Don't link devotion to PR status
I am writing in response to Winky Lai Wing-ki's article, 'Farewell to days of love and faithfulness' (Young Post, December 8). She recalls the days of ma jie and how faithful and loving these women were.
However, she has missed several important facts about the issue of permanent residency for foreign domestic helpers. Also, her arrogance makes me think that she believes there must be people on this planet whose sole ambition is to serve her.
Many of the helpers who come from the Philippines and other countries are well-educated. Their ambition is to make some money so they can have a better life back home. To link their love and devotion to whether or not they should be allowed to stay in Hong Kong and be treated like other expatriates living in the city is wrong.
Some people are afraid that helpers who get permanent residency will quit doing household chores and get a proper job.
I think the modern world has moved on from the days of slavery and servitude. It's time Winky did, too.
From the Editor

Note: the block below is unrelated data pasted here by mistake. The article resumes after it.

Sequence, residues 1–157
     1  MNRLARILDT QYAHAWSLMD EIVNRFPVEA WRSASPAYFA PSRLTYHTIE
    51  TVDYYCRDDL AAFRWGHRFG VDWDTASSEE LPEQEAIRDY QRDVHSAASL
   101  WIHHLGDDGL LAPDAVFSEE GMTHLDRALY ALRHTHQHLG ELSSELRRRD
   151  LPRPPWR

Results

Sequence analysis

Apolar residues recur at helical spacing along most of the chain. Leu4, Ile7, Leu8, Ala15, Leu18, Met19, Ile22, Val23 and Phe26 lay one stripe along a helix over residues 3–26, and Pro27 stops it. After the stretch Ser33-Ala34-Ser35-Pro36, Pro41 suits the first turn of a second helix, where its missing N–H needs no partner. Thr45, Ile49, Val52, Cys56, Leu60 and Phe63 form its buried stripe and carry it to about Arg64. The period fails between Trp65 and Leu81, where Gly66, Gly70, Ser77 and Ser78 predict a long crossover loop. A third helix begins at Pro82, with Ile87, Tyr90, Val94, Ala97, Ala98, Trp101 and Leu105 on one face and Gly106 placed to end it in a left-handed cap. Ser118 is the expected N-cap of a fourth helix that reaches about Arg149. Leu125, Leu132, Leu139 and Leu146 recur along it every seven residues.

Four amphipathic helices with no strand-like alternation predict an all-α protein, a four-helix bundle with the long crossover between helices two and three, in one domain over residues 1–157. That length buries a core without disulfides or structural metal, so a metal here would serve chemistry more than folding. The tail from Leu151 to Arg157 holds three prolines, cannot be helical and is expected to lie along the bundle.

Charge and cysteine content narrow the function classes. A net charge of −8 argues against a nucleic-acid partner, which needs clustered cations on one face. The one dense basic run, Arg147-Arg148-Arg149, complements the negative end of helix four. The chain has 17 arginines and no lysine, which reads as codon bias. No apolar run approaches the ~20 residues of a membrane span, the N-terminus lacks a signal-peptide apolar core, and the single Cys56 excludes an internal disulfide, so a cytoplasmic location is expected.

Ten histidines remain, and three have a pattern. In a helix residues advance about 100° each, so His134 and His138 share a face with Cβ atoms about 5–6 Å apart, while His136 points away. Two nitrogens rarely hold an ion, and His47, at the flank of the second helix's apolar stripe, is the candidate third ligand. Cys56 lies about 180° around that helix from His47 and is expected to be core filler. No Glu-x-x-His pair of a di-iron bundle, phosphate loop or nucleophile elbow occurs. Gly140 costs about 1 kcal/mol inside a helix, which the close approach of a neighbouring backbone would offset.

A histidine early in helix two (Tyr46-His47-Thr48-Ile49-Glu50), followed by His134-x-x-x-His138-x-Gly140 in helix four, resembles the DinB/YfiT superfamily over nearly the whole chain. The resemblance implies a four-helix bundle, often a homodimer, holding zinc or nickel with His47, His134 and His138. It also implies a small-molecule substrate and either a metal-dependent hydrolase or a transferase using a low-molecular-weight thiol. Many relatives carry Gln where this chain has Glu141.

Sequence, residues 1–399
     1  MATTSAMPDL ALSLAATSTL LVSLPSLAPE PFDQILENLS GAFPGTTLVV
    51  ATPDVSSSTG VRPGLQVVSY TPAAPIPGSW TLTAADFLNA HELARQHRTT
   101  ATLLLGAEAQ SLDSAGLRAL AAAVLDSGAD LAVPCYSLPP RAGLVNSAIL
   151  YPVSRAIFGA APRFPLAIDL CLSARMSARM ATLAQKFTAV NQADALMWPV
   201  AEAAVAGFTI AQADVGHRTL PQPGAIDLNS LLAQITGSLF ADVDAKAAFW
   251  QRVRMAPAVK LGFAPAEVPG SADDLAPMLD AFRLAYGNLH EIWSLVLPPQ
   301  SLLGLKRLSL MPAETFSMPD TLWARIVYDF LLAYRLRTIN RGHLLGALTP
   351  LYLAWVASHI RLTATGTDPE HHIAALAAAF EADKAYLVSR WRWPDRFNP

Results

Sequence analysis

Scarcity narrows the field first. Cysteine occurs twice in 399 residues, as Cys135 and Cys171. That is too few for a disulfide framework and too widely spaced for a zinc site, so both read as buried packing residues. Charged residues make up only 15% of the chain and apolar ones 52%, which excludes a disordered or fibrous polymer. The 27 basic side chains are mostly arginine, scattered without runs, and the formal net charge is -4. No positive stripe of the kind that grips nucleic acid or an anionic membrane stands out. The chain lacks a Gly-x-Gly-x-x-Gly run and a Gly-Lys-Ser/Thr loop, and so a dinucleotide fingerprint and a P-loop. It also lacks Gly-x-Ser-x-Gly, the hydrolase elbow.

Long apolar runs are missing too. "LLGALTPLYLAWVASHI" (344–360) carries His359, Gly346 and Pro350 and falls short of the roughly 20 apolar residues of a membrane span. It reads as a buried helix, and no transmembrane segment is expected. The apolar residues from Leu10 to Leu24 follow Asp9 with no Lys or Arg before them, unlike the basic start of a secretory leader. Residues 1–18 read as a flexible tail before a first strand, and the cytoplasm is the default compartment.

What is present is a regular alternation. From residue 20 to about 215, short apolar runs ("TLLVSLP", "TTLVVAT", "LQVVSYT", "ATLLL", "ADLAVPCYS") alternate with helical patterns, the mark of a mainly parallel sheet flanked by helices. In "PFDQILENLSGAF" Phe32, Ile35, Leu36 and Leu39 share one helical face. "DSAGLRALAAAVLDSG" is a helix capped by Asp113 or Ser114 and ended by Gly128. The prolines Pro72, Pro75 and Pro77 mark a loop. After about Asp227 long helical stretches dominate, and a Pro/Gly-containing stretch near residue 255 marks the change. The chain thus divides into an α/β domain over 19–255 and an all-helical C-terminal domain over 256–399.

Thank you for your letter, Mimi. You have strong points indeed. Times have changed, and it really is down to circumstances and economics as to what sort of career a person can have. Children who are raised by nannies often have a close relationship with them and some will even care for their helpers when they can no longer work. That is a very loving relationship.
You're right when you say devotion is not grounds for deciding whether or not one is allowed to get residency in Hong Kong. Many people who come to Hong Kong do several jobs before they complete their mandatory seven years.
The problem of whether or not domestic helpers should get permanent residency is not an easy one to solve. There are many things to consider and it might be a while before things are worked out.